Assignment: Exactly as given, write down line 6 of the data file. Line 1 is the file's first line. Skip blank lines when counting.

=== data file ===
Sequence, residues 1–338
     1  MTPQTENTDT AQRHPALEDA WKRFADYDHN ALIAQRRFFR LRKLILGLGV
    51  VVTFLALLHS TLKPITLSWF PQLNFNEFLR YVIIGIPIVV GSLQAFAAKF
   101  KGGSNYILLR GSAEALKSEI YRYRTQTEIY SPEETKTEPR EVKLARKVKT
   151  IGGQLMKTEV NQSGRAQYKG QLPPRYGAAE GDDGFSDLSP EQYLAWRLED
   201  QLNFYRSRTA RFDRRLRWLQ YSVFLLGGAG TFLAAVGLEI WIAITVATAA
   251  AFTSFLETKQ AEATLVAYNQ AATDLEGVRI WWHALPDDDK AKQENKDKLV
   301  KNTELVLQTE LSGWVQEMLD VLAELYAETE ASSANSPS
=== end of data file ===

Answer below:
   201  QLNFYRSRTA RFDRRLRWLQ YSVFLLGGAG TFLAAVGLEI WIAITVATAA